The coronavirus pandemic has many Americans reevaluating their financial planning in order to grow their savings account. Unemployment rates are climbing, but there is one potential silver lining: mortgage rates periodically fall to record lows thanks to declining bond yields — but does that mean now is a good time to refinance your current home loan?
In short, the answer is likely yes (as long as interest rates continue to hover in the 3% range). With the potential to secure a lower rate and cut the life of the loan, it may make sense to refinance.
However, having a full picture that includes both costs and savings can help you decide if now is a good time to refinance. Online marketplace Credible can help you compare mortgage lenders and loan rates to find the best refinance offers (with the goal of saving money in mind).
Is it worth refinancing your mortgage right now?
If the coronavirus pandemic has affected your personal finances, a home refinance could provide some relief. But before you make any major real estate moves — especially during the coronavirus pandemic — like a mortgage refinance, here are four ways to determine if now is a good time to refinance your mortgage.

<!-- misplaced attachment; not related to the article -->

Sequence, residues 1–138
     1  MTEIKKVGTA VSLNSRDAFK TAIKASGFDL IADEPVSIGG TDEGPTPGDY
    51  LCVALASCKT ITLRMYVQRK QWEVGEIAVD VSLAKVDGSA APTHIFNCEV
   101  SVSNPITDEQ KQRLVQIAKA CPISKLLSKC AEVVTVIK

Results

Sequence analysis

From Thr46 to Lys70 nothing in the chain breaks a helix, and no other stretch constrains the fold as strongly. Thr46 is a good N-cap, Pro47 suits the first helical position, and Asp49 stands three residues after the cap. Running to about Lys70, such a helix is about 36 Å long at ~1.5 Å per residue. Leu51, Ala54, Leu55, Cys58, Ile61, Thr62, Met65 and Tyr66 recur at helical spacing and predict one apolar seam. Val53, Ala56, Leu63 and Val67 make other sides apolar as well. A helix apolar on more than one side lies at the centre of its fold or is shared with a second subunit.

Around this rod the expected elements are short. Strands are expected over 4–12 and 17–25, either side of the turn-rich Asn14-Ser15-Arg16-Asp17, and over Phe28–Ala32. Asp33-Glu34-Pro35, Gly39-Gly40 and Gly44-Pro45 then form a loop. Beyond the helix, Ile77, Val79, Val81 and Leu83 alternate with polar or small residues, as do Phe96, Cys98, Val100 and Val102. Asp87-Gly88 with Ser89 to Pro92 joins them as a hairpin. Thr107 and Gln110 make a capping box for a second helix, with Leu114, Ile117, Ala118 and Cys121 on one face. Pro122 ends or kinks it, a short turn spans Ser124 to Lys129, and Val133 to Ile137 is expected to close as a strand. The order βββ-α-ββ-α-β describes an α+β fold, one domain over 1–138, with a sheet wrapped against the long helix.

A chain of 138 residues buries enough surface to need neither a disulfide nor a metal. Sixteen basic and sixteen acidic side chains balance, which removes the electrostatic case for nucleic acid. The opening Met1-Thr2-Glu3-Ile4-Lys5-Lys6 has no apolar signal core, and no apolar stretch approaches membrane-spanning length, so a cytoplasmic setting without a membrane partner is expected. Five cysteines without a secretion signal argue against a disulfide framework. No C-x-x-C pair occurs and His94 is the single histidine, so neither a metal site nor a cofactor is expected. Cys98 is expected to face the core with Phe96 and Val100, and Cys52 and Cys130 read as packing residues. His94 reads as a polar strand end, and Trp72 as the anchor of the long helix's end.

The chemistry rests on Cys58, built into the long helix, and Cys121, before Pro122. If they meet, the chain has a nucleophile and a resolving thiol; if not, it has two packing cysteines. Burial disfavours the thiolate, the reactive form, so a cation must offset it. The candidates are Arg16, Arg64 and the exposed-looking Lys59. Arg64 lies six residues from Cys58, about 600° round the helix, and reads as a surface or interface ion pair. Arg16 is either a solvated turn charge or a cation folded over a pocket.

- Compare mortgage lenders and loan rates
- Determine if you're actually saving money
- Consider closing costs
- Compare loan terms
1. Compare mortgage lenders and loan rates
If one of your main goals in seeking a mortgage refinance is finding the best loan rates, it pays to do some comparison shopping. When it comes to refinancing loan rates, mortgage lenders aren't all alike.
When comparing loan rates, don't be afraid to cast the net wide and consider traditional banks, credit unions and online refinance lenders. If you don't know where to start with sizing up mortgage rates, using a tool like Credible can make it easier. Credible finds the best refinance rates for you so you can choose the refinance loan that fits your needs.
(Note: Refinance rates also vary based on a homeowner's financial situation and credit score.)
2. Determine if you're actually saving money
A mortgage refinance can make sense when interest rates are low but it's still important to do the math on how much you could save (See how a homeowner with a mortgage of $400,000 could end up saving more than $50,000 by refinancing their mortgage).